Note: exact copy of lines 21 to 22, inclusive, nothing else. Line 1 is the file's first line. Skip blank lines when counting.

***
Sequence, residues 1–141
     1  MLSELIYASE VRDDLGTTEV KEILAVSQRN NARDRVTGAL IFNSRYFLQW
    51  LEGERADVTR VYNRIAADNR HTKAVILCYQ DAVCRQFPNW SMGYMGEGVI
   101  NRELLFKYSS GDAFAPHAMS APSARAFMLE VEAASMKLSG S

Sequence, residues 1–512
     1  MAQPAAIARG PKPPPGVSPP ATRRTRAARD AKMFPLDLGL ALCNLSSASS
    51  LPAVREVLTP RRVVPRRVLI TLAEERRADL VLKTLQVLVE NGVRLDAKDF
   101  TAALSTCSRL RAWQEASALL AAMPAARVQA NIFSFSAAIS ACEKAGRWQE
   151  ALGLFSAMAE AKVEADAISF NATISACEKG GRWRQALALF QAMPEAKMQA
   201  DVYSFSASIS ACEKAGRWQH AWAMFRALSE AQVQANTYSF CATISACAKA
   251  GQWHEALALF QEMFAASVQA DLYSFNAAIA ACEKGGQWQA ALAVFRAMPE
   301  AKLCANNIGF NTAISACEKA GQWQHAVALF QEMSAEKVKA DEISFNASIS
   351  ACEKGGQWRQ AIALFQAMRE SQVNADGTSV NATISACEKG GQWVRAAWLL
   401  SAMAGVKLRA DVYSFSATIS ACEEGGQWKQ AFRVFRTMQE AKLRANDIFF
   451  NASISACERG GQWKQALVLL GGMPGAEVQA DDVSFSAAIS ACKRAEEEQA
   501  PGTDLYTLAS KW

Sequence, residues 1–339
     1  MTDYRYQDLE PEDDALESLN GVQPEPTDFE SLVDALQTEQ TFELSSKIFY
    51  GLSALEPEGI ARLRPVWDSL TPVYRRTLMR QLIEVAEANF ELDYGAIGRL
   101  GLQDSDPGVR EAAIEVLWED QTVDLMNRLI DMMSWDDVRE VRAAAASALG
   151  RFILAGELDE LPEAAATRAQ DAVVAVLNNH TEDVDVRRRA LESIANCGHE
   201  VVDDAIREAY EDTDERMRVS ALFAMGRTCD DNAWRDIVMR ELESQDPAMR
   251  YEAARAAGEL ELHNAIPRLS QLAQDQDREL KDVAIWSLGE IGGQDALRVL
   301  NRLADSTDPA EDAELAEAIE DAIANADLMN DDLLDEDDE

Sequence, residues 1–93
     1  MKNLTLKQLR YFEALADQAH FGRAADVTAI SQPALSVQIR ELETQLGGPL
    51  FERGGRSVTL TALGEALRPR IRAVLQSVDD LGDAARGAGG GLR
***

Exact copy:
   151  RFILAGELDE LPEAAATRAQ DAVVAVLNNH TEDVDVRRRA LESIANCGHE
   201  VVDDAIREAY EDTDERMRVS ALFAMGRTCD DNAWRDIVMR ELESQDPAMR